MADISON (WKOW) — Two lawmakers are making history in Wisconsin and the nation as the oldest and youngest begin this legislative session. State Senator Fred Risser (D-Madison) and Representative Kalan Haywood (D-Milwaukee) sat down to talk about divided government, finding compromise and why they decided to run for office.
You can catch the full interview on Capital City Sunday at 9 a.m. on WKOW.
(Watch the extended interview featuring their role models, favorite musician in high school and most compelling moment in American history during a lightning round session below.)
Sen. Fred Risser, 91, has served in state government for over 60 years. Freshman Rep. Kalan Haywood, only 19, started his political career at 14 when he was elected to the Milwaukee Youth Council. Haywood said he decided to run to change the narrative going forward for young people.
“I wanted to serve the people, but also I ran to open up that door and show other young people it’s possible,” he said.
Risser came from one of the most prolific families, born in raised in Wisconsin Risser’s father and great-grandfather all served at various times in the state legislature.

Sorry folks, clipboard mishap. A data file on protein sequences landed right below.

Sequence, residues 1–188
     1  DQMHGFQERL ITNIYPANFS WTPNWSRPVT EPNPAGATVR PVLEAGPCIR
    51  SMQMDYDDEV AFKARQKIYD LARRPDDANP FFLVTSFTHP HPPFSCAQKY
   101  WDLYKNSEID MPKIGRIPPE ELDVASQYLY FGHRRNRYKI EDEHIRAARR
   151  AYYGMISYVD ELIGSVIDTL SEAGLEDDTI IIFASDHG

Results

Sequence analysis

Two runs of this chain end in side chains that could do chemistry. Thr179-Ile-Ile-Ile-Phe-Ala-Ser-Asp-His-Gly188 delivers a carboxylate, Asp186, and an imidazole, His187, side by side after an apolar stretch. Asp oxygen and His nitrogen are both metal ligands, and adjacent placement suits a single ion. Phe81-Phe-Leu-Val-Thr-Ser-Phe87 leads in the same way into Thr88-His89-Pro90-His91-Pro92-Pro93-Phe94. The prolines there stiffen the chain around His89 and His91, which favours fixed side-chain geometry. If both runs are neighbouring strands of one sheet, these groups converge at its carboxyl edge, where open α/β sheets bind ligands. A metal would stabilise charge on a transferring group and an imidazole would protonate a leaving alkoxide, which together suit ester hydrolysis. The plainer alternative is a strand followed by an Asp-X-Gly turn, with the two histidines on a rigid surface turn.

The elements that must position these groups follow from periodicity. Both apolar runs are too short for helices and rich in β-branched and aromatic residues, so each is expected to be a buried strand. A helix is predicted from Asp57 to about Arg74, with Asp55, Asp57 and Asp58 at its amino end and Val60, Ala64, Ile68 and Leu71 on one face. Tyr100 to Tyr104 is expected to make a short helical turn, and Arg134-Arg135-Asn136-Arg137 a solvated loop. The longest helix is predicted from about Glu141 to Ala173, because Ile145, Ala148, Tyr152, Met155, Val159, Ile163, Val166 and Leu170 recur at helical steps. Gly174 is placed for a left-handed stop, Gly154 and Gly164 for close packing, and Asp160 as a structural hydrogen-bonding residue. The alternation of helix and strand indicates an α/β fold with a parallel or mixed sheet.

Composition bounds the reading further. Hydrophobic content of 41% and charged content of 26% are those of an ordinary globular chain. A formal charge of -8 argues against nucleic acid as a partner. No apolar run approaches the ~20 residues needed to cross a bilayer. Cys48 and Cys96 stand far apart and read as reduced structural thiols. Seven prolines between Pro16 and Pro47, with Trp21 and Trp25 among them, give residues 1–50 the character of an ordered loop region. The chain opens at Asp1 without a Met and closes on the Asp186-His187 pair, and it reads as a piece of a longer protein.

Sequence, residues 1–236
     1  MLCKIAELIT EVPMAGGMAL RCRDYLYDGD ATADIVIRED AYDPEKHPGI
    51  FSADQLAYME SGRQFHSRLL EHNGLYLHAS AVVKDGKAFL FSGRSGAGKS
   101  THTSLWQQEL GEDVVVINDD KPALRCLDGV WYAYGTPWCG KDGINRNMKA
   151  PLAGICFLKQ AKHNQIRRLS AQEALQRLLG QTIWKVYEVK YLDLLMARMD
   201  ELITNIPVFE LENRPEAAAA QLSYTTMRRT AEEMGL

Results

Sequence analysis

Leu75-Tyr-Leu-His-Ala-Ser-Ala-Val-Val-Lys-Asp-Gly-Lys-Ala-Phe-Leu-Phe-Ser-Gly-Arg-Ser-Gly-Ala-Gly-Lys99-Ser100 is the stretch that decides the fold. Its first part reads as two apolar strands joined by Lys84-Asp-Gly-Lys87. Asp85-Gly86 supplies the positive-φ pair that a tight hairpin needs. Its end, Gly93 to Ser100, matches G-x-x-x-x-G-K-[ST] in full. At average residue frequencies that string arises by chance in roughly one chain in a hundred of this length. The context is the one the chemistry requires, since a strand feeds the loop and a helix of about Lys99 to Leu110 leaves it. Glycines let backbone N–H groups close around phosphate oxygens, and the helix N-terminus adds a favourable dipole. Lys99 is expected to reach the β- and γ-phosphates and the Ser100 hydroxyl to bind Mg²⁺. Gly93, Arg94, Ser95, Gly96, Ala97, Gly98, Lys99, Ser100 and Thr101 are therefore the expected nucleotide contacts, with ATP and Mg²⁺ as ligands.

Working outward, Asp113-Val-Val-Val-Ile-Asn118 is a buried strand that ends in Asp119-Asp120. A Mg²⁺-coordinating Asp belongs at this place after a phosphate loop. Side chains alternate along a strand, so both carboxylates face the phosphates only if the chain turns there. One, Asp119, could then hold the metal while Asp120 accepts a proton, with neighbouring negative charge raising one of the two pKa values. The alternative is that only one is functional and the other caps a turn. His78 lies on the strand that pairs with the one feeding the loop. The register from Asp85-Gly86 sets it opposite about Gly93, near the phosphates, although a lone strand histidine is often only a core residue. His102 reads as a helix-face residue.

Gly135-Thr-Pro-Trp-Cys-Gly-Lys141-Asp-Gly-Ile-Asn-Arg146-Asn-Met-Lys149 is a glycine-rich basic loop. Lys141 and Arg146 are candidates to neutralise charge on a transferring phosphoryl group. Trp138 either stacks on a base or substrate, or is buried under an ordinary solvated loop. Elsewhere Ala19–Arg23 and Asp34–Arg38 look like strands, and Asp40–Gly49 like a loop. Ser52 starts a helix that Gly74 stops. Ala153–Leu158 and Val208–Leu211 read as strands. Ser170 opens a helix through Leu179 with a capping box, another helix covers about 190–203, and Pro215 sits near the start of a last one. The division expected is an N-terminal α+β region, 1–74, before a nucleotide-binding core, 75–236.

“It was a supper time conversation and I knew the day I was born I wanted to run for office.”
Now, both are now hoping to tackle divided government, a first for Haywood but not a new concept to Risser. Risser said most important advice is to maintain your health, coming from someone who has never taken the elevator at the State Capitol.
“After all, you can’t function in government unless you take care of your health,” said the 91-year-old. “The sun will come up tomorrow. People sometimes think the world is coming to an end, but there’s another day coming.”
A new day has arrived but not a different tone as Haywood says he’s already seen political divides since taking the oath of office three weeks ago.
“You have to find ways to meet in the middle of everyone so we can get the work done,” said Haywood. “Too often we tend to stick to our sides and nothing good comes out of that.”
Risser said he’s seen the state more polarized than ever before and believes it trickled down from the federal government.
“Last session there were more straight party-line votes than I’ve ever seen before and I don’t think that’s good,” he said. “We got to get back to the day where compromise is not a bad word.”
As they look to the future — Risser mentioning he will serve until he can’t any longer — both said they hope to be remembered by serving their constituents to their best ability.
“I feel my role is helping make a change and I want more young people to get involved,” said Haywood.
As for Risser, he had quite the list of what he’d like to be known for but a few were his attention to the UW colleges and universities, state employees, women’s health and social justice.